Were a Ukrainian-based nuclear power station to be damaged during the current conflict (which at one point was thought to have been a possibility at Chernobyl), leading to a spread of radiation, the nature and scope of the RACE Clause will come under close scrutiny.
Further changes were later introduced to the Extended RACE Clause – known as CL370 – due to concerns that electromagnetic pulse weapons could be used in an attack, which could disable electrical equipment including computers in a radius around the site of the explosion.
‘All-risks’ property policies would typically contain a war / hostilities exclusion and potentially have the option for a variety of extensions to cover, where agreeable. The prevalence of separate standalone cyber policies has also grown in recent years.
In 2017, the NotPetya malware attack first affected Ukrainian businesses via accountancy software on the eve of their Constitution Day. The name comes from the fact that it was not the ransomware known as Petya. The attack differed because once data was encrypted it was lost, and there was no decryption key that a victim could obtain by paying a ransom.
The malware attack spread, impacting a variety of business sectors across the globe. This cyberattack was widely attributed to the Russian Federation military and litigation ensued when war / hostilities exclusions were relied upon by ‘all-risks’ property insurers to avoid paying claims.
One such case is Merck v ACE in the US state of New Jersey. The exclusion in the property cover stated:
“A. 1) Loss or damage caused by hostile or warlike action in time of peace or war, including action in hindering, combating, or defending against an actual, impending, or expected attack:
a) by any government or sovereign power (de jure or de facto) or by any authority maintaining or using military, naval or air forces;
b) or by military, naval, or air forces;
c) or by an agent of such government, power, authority or forces;
This policy does not insure against loss or damage caused by or resulting from Exclusions A, B, or C, regardless of any other cause or event contributing concurrently or in any other sequence to the loss.”
Merck successfully argued that the cyberattack was not a hostile or warlike act, and that the exclusion did not apply as the cyberattack did not involve traditional warfare – despite the word ‘traditional’ not appearing in the exclusion. ACE have since appealed and developments are awaited in connection with this $1.4bn case.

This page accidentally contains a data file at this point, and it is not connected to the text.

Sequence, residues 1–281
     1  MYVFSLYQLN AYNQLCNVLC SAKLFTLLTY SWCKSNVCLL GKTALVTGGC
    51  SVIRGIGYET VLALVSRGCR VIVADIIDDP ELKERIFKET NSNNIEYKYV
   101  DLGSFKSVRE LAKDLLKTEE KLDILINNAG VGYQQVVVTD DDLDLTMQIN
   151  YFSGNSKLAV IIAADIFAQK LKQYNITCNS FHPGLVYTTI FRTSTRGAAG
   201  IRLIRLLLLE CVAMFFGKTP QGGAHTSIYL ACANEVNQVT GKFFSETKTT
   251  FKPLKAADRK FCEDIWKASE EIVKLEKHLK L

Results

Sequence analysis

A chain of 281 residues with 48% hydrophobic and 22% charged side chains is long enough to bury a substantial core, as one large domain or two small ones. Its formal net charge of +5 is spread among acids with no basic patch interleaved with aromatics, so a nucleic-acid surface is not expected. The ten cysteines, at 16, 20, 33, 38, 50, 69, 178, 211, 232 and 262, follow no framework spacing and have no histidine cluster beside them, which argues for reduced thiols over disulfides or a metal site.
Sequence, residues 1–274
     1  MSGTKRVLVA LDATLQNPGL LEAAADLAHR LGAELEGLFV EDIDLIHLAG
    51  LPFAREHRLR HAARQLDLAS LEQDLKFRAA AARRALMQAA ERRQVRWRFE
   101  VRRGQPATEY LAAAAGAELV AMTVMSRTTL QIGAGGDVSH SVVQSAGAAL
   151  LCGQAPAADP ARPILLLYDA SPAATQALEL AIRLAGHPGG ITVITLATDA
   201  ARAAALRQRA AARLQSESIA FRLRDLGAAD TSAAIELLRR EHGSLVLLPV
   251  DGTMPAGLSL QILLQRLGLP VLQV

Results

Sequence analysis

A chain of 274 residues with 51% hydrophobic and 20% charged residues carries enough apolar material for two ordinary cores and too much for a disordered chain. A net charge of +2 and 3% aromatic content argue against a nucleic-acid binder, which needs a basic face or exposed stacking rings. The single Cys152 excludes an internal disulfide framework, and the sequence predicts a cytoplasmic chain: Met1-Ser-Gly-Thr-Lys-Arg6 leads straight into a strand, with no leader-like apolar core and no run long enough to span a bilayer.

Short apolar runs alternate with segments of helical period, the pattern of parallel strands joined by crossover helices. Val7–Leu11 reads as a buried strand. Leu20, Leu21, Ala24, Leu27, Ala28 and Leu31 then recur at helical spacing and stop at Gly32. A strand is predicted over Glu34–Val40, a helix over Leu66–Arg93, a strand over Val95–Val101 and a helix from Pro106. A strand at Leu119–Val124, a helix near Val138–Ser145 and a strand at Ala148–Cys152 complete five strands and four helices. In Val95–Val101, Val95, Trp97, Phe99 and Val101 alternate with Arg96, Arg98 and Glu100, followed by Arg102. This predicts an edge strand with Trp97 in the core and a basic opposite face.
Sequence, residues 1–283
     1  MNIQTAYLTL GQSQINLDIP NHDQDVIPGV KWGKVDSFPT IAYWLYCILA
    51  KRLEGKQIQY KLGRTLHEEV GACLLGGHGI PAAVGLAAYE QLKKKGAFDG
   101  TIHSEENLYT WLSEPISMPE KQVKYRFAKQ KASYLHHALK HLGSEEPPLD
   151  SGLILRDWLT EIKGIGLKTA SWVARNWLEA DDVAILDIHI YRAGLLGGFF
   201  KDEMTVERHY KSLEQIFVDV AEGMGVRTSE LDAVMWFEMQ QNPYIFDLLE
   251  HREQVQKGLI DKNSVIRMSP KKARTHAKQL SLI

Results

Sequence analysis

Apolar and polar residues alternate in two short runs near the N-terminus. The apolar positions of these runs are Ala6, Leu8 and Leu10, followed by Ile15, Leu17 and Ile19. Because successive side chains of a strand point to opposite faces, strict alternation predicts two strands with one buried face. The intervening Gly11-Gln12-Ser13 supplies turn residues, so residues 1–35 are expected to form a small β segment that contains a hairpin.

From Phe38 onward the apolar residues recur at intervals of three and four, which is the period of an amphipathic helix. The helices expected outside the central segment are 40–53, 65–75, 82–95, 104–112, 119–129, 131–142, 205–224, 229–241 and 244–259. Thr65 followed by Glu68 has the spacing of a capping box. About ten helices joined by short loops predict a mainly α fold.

War / hostilities-related exclusions are generally wide. In order to preserve a functioning and solvent industry, it is important that it retains the ability to responsibly assess the nature of risks that it can reasonably be anticipated to respond to.
The New Jersey Court’s rationale in the Merck case was that the cyberattack did not involve ‘traditional’ hostile activities; however, the word ‘traditional’ was not expressly used in the exclusion, so it was logical for that decision to face an appeal. A further flaw in that decision is that the case law that was referred to by the New Jersey Court would have been relatively old – there are few decisions to refer to and cyberattacks would not have been in contemplation at the time of those decisions.
A further difficulty faced by the courts is that cyberattacks are wide-ranging and a variety of methods of destruction and disruption are used. For example, in May 2021, a cyberattack was carried out on Ireland’s healthcare service (the Health Service Executive). This meant that health staff reverted to a paper system and appointments in some sectors of healthcare dropped by 80% in the days following the attack. Radiology departments were particularly affected due to their reliance on computers, along with cancer treatment. Although, the Russian-based ransomware group – Conti – reportedly handed over the encryption key, apparently for free, a week into that incident (rather than requiring the alleged £14m ransom), the effects of the attack were still being felt months later.
In 2018, in recognition of the widespread damage that terrorists could inflict by cyberattacks, the cover provided by the UK Government backed Pool Re was expanded to include damage by ‘remote digital interference’.
As cyber risks could arise in relation to a number of different scenarios, the UK insurance industry (through the Lloyd’s Market Association (LMA)), in November 2021 published four model cyber war and cyber operation exclusion clauses for standalone cyber insurance policies: LMA5564, LMA5565, LMA5566 and LMA5567 – see here. These are intended to provide options to Lloyd’s syndicates and promote consistency (which shall assist both brokers and insureds / customers), though LMA members remain free to devise their own wording or adapt the model clauses.
The rationale behind these model exclusions is to seek expressly to take into account modern conflict techniques whilst striking the balance between preventing uncontrollable accumulation of risks and providing carve-back of practical cover for insureds. It remains to be seen whether that will be achieved. Likewise, the extent to which war risks and allied perils insurance and reinsurance wordings will develop specific sections covering losses arising from cyberattack / remote digital interference (and how it will be aggregated; traditional event language involving unities of intent, cause, time and location would not seem very appropriate).